5) What components are Northern Africans like Egyptians made up of, apart from SSA ancestry? Do they overlap with West and South Asians as well?

    6) Finally, do East Asians like the Chinese and Japanese have any components in common with the rest of us Eurasians? Is ANE related to them in a distant manner?

    I look forward to your response. Thanks a million for this privilege as always.

  9. @APthk

    You’ve asked Razib, and I’m quite certain that he’ll provide considerable insight (he always does). With that being noted, if you wouldn’t mind me sharing some of the things I know from the literature, and from my own work on the subject….

    “Onge diverged from AASI at about the same time that East Asians and Europeans diverged from each other.”

    I doubt that Razib would have said anything along those lines, because that isn’t a very accurate conceptualization (in light of the current work on this issue).

    ^ I mean obviously reality will always present a level of complexity that continually escapes any attempt by us (“us” being knowing subjects engaged with objects of knowledge) to represent it. The curse of the noumenal (lol). With that being said, I suppose that for the purposes of simplification (and restricting ourselves to the aDNA at our disposal), it seems that there is a bit of a trifurcation at play; East Asians, Onge, and AASI are together in a “clade” (I mean not exactly a great word in the context of human populations, since we’re all so mixed, but whatever), and they all seem to split at around the same time. “Around” is key, because there is a bit of an affinity between Onge and AASI to the exclusion of East Asians. In other words, Onge and AASI seem to be a tad bit closer to each other than they are to East Asians (but again, not by much).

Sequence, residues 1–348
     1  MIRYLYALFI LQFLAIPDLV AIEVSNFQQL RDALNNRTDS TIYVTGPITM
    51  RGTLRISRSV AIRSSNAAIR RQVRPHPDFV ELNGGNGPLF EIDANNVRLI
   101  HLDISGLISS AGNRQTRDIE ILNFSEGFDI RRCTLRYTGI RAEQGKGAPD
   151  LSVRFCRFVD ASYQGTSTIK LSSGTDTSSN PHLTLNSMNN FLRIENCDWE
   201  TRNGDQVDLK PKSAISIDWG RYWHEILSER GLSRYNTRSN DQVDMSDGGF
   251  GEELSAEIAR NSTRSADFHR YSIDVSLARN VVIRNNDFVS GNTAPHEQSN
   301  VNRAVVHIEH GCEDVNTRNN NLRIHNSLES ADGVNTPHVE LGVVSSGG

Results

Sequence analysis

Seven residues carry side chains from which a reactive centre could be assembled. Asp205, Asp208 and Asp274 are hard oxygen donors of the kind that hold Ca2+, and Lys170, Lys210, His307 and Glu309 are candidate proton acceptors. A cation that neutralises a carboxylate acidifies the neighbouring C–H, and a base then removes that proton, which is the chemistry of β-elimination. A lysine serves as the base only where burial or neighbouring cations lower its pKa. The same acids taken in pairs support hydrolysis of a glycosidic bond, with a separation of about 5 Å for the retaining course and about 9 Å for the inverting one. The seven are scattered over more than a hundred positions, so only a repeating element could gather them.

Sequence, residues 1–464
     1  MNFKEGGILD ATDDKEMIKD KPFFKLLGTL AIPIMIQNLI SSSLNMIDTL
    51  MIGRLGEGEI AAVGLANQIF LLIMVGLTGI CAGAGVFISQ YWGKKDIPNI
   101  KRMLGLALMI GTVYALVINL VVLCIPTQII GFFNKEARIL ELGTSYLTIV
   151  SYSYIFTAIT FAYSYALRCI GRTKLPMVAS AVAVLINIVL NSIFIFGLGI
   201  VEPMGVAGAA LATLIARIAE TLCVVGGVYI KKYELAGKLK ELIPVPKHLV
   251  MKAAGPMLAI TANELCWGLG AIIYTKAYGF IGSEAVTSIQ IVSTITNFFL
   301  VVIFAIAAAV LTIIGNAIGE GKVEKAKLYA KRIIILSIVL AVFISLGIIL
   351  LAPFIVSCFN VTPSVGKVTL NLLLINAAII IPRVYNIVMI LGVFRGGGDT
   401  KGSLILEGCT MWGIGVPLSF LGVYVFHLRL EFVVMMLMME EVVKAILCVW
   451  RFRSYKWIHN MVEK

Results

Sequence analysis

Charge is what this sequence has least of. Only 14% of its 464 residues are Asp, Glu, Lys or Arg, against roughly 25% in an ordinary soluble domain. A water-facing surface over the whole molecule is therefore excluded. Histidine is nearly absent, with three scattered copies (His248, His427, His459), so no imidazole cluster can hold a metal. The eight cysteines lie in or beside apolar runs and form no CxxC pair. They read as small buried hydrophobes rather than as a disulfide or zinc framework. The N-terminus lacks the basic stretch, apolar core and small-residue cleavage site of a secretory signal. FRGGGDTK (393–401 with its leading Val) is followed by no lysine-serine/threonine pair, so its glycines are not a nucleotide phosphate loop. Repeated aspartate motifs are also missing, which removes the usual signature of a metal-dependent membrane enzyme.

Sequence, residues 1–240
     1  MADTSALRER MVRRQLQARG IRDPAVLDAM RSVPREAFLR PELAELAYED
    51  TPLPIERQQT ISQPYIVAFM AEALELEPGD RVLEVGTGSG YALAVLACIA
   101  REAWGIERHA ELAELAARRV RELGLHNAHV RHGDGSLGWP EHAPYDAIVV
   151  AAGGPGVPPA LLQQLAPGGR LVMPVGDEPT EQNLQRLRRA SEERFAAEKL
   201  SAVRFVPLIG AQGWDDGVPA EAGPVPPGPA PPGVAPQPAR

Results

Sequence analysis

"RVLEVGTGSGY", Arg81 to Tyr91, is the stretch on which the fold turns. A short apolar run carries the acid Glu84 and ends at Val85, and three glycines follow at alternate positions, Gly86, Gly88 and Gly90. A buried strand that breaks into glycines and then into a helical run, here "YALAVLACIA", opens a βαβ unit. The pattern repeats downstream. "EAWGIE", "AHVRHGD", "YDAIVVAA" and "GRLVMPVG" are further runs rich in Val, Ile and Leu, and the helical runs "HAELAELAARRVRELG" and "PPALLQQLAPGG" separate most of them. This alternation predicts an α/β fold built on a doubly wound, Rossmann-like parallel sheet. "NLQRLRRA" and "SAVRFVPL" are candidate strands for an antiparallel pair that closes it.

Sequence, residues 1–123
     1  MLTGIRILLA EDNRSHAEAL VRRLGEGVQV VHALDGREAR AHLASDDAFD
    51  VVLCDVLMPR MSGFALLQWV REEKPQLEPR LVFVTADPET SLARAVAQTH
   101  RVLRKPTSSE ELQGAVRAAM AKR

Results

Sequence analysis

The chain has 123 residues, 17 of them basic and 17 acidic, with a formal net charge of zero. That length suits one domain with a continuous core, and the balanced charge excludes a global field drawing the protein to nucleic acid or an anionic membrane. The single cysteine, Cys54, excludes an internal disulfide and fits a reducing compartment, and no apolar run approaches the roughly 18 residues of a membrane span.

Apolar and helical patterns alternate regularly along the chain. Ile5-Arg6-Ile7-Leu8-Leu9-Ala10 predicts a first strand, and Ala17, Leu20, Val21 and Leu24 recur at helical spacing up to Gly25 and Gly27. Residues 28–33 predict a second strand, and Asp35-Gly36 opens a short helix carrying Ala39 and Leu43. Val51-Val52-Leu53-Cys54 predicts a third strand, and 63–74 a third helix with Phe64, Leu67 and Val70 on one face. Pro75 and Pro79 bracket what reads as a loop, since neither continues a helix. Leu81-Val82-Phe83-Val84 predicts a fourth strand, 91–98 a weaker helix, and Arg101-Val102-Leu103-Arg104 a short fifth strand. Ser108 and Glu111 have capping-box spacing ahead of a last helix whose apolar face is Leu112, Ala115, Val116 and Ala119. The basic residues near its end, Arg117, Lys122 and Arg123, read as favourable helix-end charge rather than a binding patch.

^ And again though, it really isn’t so simple…. because the Onge are (to some extent) intermediate between East Asians and Australasians (and the same probably goes for AASI). Furthermore, in some qpGraph modeling there’s a strange link between AASI and Ust-Ishim. Interestingly enough, this affinity is also found in indigenous Australians/Papuans. But the link in both cases is very tentative.

    And Ust-Ishim itself is a very difficult case; depending on the model, it’s either a “basal Eurasian” (in the sense of being basal to East Eurasians and Paleolithic+Mesolithic Europeans. Not in the sense of Near Eastern “basal”, which is much more “deep” in the Out-of-Africa context), or a very, very “basal” sort of “West Eurasian”.

    Again, all living people are either such a mesh of various streams of ancestry in confluence, or related to other distant populations in very complex ways; there’s just so much mixture, and we’re still missing so much relevant aDNA. Due to both factors, I’d say that we’re still quite a bit far from confidently conceptualizing the whole landscape. Now, to the questions themselves:

    1) ANE is not a form of East Eurasian ancestry. Although it does seem to subsume some moderate East Eurasian-related admixture (somewhere between 15-25%). But so does WHG, and so does CHG (10-20%). So unless WHG and CHG aren’t “West Eurasian” (which would mean no one is West Eurasian), ANE is certainly West Eurasian. Really, when we call ancient populations “West Eurasian”, what we really mean is that they or related populations were another ingredient in the recipe of contemporary populations dwelling in West Eurasia, Ireland to India (forgive the culinary language, lol). The phylogeny isn’t as important (like how could it be for defining West Eurasian, since ENA in ANE, WHG, CHG, Iran_N, Indus_P; Para-African in Natufian, Levant_N; Basal Eurasian in Anatolia_N, Natufian, Levant_N, Iran_N, CHG, Indus_P).